Friday, February 12, 2010


It’s curious how the Pacific half of the Second World War turned on various winds, both literal and figurative.

“East wind, rain” was the coded message for the attack on Pearl Harbor to proceed, but not even the divine wind of the kamikazes could reverse the literal firestorm that descended upon Japan in 1945. Additionally, nature’s cyclonic winds figured in the Western Pacific, most notably with “Halsey’s Hurricane” which ravaged the Third Fleet in December 1944.

But a biblical reference struck me as particularly significant. Hosea 8:7 says, “They have sown the wind and they shall reap the whirlwind.” Certainly that statement applied to Imperial Japan, which received immensely more violence than it perpetrated. Therefore, I took Whirlwind as the title of my current book, the first one-volume study of all allied air operations over the Japanese home islands. It’s due next month from Simon & Schuster.

Aside from the fact that it hadn’t been done before, I wanted to address the multi-faceted operations of the U.S. Army Air Forces, the Navy and Marine Corps, plus the British Royal Navy. The complexity of the subject was daunting, but I had been interviewing veterans since the 1970s and had a stack of references from previous projects. Nearly half of the men who contributed their recollections are now deceased, which was all the more reason to gather additional material while still possible. About 2,000 American WW II veterans die every day, and I was acutely aware that Whirlwind would be among the last volumes written with significant contributions from those who lived the story.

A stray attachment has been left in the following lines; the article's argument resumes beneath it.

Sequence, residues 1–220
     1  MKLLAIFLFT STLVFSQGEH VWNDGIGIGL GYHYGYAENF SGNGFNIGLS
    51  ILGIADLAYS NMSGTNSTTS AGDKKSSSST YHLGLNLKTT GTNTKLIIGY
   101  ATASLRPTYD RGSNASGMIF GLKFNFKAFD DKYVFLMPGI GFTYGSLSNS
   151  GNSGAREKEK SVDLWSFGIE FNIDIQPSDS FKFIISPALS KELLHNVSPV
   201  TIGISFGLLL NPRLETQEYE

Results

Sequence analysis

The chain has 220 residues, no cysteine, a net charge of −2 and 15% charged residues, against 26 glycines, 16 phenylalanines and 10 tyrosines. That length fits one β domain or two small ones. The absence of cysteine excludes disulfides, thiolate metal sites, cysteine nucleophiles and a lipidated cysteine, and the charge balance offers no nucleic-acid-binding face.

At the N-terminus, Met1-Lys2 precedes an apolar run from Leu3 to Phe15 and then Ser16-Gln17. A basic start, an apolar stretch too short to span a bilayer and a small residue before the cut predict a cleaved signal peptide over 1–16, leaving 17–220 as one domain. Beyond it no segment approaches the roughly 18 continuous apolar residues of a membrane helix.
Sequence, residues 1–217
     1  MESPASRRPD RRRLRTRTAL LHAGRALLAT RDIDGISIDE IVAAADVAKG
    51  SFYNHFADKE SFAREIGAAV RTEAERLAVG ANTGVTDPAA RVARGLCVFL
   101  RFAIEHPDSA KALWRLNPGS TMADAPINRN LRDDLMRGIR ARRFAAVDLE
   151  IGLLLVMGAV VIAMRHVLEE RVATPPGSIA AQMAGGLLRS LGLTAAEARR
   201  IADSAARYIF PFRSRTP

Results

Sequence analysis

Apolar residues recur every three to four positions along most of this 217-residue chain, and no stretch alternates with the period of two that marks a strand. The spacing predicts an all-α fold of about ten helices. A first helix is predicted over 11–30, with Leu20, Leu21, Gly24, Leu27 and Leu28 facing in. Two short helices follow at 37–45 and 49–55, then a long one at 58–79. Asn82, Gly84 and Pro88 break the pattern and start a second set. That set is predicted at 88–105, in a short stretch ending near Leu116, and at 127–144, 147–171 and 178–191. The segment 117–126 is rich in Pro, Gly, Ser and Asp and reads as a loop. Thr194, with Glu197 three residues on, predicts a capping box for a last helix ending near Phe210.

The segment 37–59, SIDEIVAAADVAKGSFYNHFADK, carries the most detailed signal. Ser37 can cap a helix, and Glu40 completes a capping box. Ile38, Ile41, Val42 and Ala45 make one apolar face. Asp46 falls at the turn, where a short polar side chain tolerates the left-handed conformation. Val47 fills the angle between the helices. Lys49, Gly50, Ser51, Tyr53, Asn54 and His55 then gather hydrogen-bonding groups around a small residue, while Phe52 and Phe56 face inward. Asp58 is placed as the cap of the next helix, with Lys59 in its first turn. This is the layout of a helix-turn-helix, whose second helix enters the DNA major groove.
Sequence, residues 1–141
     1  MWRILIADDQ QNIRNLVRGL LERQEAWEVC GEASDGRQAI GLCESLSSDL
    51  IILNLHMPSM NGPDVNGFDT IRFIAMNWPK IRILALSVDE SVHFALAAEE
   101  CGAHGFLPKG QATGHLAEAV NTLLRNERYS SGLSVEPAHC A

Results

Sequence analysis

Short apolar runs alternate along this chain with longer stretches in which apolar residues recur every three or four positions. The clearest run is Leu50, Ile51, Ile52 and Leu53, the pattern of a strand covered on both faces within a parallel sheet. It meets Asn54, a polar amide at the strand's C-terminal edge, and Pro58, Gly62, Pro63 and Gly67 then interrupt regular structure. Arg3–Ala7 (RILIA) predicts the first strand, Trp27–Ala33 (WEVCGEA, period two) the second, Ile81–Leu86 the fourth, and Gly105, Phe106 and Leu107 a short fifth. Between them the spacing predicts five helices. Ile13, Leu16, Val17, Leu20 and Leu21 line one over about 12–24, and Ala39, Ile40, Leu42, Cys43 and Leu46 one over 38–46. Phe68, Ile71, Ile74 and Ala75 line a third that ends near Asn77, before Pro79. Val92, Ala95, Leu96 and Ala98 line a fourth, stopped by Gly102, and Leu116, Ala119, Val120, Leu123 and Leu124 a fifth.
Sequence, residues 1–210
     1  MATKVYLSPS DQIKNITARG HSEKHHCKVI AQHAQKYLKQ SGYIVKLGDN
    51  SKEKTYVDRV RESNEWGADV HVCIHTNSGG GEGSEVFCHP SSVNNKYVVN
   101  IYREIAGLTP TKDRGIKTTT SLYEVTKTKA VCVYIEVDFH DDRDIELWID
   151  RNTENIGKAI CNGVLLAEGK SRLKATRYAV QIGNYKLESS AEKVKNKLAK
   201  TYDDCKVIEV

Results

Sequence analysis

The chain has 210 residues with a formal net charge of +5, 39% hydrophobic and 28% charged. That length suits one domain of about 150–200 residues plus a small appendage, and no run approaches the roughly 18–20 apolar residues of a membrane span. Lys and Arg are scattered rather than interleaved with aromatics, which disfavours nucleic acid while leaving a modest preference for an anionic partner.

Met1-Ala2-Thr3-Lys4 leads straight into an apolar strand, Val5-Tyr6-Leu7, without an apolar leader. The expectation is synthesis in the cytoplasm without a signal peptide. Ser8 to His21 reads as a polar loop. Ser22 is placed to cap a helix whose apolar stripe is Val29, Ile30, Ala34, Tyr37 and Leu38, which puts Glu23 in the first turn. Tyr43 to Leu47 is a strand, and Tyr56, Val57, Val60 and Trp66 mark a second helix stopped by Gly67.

Today it’s hard for some people to grasp the magnitude of the capacity for destruction in the era before nuclear weapons. Yet on the night of March 9-10 1945—five months before Hiroshima--325 B-29s burned down one-sixth of Tokyo and killed at least 85,000 people. Major General Curtis LeMay’s bombers flew—literally—in the face of airpower orthodoxy by dropping incendiaries instead of explosives over an enemy capital, at low level, at night. Here’s a description of the results, excerpted from Whirlwind: